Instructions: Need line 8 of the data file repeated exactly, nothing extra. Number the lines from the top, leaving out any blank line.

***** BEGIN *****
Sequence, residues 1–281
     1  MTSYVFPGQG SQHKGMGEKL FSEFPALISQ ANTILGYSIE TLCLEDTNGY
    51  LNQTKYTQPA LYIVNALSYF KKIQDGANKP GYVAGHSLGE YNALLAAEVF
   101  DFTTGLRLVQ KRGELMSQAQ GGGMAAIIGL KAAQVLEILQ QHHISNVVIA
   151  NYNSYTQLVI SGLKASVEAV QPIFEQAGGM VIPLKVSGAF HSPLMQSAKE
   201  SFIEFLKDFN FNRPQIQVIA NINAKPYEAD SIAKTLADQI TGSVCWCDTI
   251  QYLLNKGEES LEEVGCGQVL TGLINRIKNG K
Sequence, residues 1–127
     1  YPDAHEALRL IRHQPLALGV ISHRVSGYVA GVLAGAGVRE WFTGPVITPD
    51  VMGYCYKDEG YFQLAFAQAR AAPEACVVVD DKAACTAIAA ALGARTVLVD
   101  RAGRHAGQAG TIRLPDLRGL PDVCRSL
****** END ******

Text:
Sequence, residues 1–127